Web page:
A weaker-than-expected ISM manufacturing survey, which fell to 48.1 in November, kept short-end rates reasonably anchored but had little impact on the long-end of the curve. The 2 year US Treasury yield is unchanged on the day while the 10 year yield is 5bps higher, at 1.83%. In contrast to the ISM survey, the final reading of the lesser-followed US PMI survey was higher than expected, at 52.6. The global PMI has risen above the 50 mark for the first time since April, providing further evidence, despite the ISM downside surprise, that global growth has bottomed.
US equity markets have fallen reasonably sharply over the past 24 hours, albeit from what were near-record highs. The S&P500 is down 0.8%, with the downside surprise to the ISM survey contributing to the fall, while European indices had earlier closed around 2% lower. Also lingering in the background is the December 15th deadline when US tariffs are scheduled to rise on Chinese imports. Wilbur Ross told Fox news that “if nothing happens between now and then, the president has made quite clear he’ll put the tariffs in – the increased tariffs." Trump said China still wanted to make a deal, “but we’ll see what happens.”
Separately, Trump reimposed aluminium and steel tariffs on Argentina and Brazil, purportedly for “presiding over a massive devaluation of their currencies” which hurts American farmers. The move looks aimed at Trump’s domestic support base, as it’s likely the Argentinean government would happily take some currency strength to help control the country’s super high inflation rate.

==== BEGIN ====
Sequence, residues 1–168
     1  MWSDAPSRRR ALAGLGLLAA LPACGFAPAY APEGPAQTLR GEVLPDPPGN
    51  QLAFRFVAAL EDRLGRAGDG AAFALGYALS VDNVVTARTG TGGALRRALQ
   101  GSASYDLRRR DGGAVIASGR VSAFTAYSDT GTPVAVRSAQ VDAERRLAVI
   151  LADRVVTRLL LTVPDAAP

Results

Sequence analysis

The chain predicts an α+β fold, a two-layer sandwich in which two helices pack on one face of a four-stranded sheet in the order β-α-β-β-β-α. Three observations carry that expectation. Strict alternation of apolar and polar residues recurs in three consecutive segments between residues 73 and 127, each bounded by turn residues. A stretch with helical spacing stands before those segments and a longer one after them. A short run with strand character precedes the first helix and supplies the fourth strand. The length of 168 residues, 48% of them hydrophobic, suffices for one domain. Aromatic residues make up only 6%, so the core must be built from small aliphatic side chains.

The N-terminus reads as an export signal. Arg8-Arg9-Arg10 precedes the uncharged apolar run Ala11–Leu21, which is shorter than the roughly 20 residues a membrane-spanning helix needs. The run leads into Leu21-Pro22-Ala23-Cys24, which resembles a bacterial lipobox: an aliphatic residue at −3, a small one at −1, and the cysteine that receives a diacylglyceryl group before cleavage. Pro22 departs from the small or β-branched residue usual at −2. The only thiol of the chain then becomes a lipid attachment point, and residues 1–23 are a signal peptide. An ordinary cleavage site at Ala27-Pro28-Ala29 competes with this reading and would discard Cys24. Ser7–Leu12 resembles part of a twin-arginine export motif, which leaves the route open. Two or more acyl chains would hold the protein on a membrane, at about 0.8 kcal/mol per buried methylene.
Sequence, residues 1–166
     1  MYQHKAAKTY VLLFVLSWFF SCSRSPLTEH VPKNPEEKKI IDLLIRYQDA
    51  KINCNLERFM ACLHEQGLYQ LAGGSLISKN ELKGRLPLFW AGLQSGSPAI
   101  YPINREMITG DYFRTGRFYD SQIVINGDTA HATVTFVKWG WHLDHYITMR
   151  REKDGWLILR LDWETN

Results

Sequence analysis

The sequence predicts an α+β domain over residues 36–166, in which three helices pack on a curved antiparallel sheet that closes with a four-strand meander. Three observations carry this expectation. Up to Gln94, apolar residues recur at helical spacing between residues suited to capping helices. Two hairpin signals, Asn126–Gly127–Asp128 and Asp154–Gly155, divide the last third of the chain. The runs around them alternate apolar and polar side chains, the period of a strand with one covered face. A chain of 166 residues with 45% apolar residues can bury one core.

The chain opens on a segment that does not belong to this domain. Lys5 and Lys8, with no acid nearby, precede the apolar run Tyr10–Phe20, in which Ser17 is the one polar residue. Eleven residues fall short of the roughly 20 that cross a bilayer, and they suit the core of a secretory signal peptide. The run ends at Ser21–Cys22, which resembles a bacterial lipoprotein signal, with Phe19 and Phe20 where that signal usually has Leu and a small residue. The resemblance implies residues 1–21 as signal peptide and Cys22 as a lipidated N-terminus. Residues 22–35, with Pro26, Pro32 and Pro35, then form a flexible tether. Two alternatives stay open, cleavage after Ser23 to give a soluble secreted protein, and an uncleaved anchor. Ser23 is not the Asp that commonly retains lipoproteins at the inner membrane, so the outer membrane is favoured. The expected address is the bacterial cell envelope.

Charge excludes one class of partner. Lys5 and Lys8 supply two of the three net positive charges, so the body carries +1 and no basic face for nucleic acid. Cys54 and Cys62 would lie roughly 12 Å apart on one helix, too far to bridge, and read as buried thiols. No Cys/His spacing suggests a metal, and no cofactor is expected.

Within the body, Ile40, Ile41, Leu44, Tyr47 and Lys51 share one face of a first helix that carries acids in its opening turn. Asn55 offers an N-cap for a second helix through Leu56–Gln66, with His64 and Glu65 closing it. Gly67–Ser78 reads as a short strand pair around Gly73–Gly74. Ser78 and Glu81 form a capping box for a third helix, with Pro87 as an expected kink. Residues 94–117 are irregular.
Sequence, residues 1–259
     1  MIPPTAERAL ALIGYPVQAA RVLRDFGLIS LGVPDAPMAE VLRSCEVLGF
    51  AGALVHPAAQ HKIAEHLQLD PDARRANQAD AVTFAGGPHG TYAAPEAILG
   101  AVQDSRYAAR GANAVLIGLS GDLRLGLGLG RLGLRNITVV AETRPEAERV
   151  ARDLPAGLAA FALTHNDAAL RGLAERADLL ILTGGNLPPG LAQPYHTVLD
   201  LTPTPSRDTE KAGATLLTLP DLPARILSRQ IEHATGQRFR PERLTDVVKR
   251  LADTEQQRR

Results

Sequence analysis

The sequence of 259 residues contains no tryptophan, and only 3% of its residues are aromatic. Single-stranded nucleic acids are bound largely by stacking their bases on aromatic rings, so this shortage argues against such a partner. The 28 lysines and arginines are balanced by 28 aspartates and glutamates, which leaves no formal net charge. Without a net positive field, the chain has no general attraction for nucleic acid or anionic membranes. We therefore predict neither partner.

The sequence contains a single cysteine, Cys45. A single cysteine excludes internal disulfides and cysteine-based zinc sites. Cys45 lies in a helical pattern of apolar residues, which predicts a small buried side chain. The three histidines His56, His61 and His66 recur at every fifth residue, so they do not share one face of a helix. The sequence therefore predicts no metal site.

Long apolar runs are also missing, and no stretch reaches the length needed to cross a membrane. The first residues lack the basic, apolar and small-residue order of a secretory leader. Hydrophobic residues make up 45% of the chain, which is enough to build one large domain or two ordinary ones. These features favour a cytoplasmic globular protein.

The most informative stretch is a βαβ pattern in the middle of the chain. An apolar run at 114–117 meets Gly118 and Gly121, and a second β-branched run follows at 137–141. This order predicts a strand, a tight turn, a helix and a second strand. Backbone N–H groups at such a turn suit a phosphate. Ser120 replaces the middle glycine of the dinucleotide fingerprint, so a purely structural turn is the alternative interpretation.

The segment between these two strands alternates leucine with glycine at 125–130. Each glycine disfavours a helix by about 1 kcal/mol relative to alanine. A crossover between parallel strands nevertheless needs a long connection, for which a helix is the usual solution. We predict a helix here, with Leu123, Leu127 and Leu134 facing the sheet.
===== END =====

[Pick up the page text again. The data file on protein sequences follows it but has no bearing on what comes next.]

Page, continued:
In FX markets, the USD has weakened across the board (with the exception of the CAD). The BBDXY is 0.25% weaker, its biggest daily move in a month. The fall in the USD overnight comes after it reached a six week high on Friday, before closing lower. The USD remains in its broader uptrend for now.
As mentioned earlier, the NZD has led the charge in the G10, followed by the AUD, which is 0.8% stronger to 0.6815. USD/JPY has been caught between the cross-currents of higher US Treasury yields and weaker equity markets but has fallen 0.4% to around 109. Meanwhile, the GBP has underperformed, rising only 0.1% against the USD, after weekend polls showed Labour narrowing the gap on the Conservatives heading into the election.
The RBA meets today and is expected to keep its cash rate on hold at 0.75% and maintain an easing bias. There is also another Global Dairy Trade auction tonight and we are looking for a modest (~2%) rise. Later this week, Fonterra will be providing a business update on Thursday and it is possible they could change their milk price forecast given recent moves in dairy prices. Our milk price forecast, of $7.40, is 35 cents above the midpoint of Fonterra’s current range of estimates.